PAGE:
From the first minute Ellen Shepherd – a kindergarten-to-5th-grade special education teacher – picketed Thursday morning, along with other school employees in Elkins, West Virginia, community members showed their support.
“It was amazing,” said Shepherd, who is also the president of the Randolph County Education Association. “People were stopping to offer support, coffee, doughnuts, stuff all day long,” she added.
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“Most importantly, those who weren’t sure about was going on stopped and asked us, so we were able to explain why we are here, what we are doing, and what got us to this point.”
After months of writing legislators, attending hearings, and holding educational pickets before and after school, the three teachers’ unions representing educators across the US state of West Virginia announced a collective walkout for Thursday and Friday, forcing all public schools to close.
On Friday afternoon, the unions announced the strike will continue on Monday.
The teachers are demanding higher wages and better benefits as they struggle to afford rising healthcare costs.
On both Thursday and Friday, thousands sang and chanted at the state capitol building in Charleston, calling for an agreement before the end of the legislative session on March 10.
According to local media, teachers in the state set up food banks to ensure students who depend on school meals were fed during the strike.
Struggling to fill positions
While the American Federation of Teachers-West Virginia, West Virginia School Service Personnel Association, and West Virginia Education Association have historically competed for members and influence, they unified in the face of reduced healthcare coverage and doubling insurance premiums, copays and deductibles.
Cuts to benefits forced Mary Stiles, a high school teacher in Morgantown, to stop taking a medication that was no longer covered by the mandatory Public Employees Insurance Agency plan required for all government employees.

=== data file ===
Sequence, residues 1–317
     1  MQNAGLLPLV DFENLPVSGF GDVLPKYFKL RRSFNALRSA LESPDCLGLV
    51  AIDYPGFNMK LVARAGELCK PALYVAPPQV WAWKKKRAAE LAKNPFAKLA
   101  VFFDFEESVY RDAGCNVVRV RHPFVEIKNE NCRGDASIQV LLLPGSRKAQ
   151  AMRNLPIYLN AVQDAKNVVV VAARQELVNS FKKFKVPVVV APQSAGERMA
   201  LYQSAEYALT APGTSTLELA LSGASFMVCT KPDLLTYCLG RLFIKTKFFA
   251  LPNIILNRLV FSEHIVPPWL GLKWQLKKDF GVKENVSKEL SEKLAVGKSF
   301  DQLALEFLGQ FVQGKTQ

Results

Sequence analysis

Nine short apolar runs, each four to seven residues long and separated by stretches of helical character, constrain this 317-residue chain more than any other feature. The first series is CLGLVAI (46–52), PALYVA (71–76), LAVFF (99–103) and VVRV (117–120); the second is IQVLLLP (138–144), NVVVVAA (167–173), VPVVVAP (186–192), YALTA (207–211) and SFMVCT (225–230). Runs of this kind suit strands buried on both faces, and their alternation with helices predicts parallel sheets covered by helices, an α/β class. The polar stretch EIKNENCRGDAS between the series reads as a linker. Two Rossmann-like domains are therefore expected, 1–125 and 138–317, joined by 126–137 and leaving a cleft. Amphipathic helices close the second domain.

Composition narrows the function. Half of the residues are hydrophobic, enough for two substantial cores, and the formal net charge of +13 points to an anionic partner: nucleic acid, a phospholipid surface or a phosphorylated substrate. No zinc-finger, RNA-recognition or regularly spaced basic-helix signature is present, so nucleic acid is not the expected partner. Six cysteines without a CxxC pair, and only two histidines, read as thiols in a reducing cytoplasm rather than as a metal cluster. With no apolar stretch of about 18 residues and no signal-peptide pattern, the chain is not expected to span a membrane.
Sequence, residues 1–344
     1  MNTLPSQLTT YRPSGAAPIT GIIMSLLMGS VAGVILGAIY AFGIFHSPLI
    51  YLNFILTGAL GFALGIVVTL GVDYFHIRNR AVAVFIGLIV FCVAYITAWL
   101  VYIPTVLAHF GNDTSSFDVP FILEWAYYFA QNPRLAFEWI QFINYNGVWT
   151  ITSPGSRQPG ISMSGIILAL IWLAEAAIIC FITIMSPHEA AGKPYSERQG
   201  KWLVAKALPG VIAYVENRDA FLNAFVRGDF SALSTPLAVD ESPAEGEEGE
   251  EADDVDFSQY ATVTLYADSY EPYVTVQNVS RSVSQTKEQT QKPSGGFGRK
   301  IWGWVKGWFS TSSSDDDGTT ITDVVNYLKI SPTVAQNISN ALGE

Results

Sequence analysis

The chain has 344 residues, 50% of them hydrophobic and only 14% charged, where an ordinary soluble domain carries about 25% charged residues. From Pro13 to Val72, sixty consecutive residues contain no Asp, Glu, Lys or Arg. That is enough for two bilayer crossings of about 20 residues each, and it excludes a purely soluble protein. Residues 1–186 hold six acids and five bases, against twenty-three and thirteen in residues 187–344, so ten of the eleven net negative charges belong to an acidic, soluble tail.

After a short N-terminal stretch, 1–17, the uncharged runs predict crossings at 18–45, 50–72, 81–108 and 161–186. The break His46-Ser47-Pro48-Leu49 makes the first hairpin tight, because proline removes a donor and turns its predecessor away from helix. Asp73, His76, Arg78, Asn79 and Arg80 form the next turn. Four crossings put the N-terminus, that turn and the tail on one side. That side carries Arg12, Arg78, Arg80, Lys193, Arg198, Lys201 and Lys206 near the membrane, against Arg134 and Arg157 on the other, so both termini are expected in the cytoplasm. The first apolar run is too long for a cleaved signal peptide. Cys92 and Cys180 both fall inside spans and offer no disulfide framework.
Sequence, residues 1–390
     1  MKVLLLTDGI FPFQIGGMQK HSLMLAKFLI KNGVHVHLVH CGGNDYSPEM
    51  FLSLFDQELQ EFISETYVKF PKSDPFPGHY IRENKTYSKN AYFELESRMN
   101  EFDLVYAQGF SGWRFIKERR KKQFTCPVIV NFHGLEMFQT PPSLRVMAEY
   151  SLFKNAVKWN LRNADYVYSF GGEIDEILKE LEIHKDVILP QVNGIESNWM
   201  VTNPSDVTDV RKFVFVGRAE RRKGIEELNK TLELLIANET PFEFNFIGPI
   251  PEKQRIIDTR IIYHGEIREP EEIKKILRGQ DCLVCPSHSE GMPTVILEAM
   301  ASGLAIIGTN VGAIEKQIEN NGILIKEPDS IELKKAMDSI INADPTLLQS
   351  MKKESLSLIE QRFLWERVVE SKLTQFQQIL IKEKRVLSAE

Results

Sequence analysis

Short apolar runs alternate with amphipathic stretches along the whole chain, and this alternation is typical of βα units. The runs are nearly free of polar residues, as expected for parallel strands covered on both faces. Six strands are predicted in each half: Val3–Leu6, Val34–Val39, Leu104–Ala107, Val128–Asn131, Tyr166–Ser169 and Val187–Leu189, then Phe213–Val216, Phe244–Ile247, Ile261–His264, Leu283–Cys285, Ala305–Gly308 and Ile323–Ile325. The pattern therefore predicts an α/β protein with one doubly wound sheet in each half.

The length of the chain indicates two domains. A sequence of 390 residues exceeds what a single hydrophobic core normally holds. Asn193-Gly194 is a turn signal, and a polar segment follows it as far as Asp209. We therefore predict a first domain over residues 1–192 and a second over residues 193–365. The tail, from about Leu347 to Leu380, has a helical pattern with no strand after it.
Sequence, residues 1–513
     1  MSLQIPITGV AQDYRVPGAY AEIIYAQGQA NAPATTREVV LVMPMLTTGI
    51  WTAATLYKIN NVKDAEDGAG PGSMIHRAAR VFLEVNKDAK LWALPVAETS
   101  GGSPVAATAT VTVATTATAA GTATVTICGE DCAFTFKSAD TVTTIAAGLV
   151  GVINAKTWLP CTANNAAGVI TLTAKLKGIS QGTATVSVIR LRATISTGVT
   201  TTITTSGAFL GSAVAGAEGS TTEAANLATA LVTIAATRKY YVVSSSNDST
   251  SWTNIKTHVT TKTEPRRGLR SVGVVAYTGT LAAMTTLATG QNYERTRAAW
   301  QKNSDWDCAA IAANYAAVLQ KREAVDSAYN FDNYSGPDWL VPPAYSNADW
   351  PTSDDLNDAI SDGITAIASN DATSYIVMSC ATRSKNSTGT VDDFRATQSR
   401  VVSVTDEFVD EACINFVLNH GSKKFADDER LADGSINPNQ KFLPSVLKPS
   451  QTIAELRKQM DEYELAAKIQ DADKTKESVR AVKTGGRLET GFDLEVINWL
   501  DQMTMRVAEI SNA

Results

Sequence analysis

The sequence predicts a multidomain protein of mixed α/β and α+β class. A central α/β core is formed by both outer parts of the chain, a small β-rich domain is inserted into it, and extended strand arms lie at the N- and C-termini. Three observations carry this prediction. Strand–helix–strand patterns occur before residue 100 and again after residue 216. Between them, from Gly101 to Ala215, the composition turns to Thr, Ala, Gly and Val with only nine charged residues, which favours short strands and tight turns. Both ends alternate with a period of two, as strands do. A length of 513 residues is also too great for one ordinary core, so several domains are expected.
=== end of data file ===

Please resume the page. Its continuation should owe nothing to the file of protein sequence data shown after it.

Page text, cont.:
Critics in the government and local communities, Stiles said, “are trying to make it look like we’re being greedy, that we want this big raise”.
“But, we want our medical insurance to be fully funded and we want good coverage,” she told Al Jazeera, not just for educators, but for all public employees.
Organisers have said that salaries are so low, that many have had to take second jobs to support their families
As salaries and benefits have declined, so have teaching incentives, and the number of vacancies has risen to more than 700.
There are nearly 20,000 teachers employed by the state.
Shepherd told Al Jazeera: “We cannot fill kindergarten positions, music positions … English, special ed, social studies: positions that were a given in the past.”
West Virginia Governor Jim Justice signed legislation this week that gives teachers a two percent pay increase in July. It will be followed by a one percent increase over the next two years. The bill, however, reduces the increase that had been previously proposed.
West Virginia’s public school employees are also concerned about legalising taxpayer-funded private school vouchers and increasing the number of charter schools, policies which have been at the core of US Education Secretary Betsy DeVos’s policy platform.
‘A risk worth taking’
Though teachers have not gone on strike since 1990, teachers’ unions in West Virginia rank 13th in the United States, according to a 2012 study which found that they were formidable and thoroughly engaged state politics and in developing policies.
Viewed as the birthplace of the US labour movement, West Virginia has a long history of strong unions that organised workers such as coal miners, craftsmen, and nurses to collectively bargain for improved wages, working conditions, and healthcare.
However, it is illegal under West Virginia law for public employees to go on strike, and teachers risk fines or imprisonment by continuing the walkout.
At a meeting to discuss legal ramifications, Shepherd told Al Jazeera that the response of the 300 assembled educators was unanimous: “Our kids are more important.”
Shepherd added: “So, yes, we face that risk, but that’s a risk that’s worth taking because our kids and their education is so valuable to us.”
In a statement released on February 20, West Virginia Superintendent of Schools Steven Paine noted the illegality of work stoppages by public employees and encouraged “educators to advocate for the benefits they deserve, but to seek courses of action that have the least possible disruption for our students”.
While educators hope that an agreement will be reached quickly, the unions are taking it day by day.
“Let’s call a spade a spade: It’s a strike,” said Josh Nelson, who has been teaching high school Spanish and English in Huntington for three years. “We don’t know when this will end.”
Potential next steps for the unions include returning to work for a few days before resuming the stoppage, having rolling walkouts by county, or continuing the statewide strike until changes are made.
“West Virginia teachers have been terribly, terribly slighted for a long time,” said Cindy Stemple, a retired teacher and union member who worked for public schools in West Virginia for 35 years.
“People are fed up with it, they’ve had enough,” she added.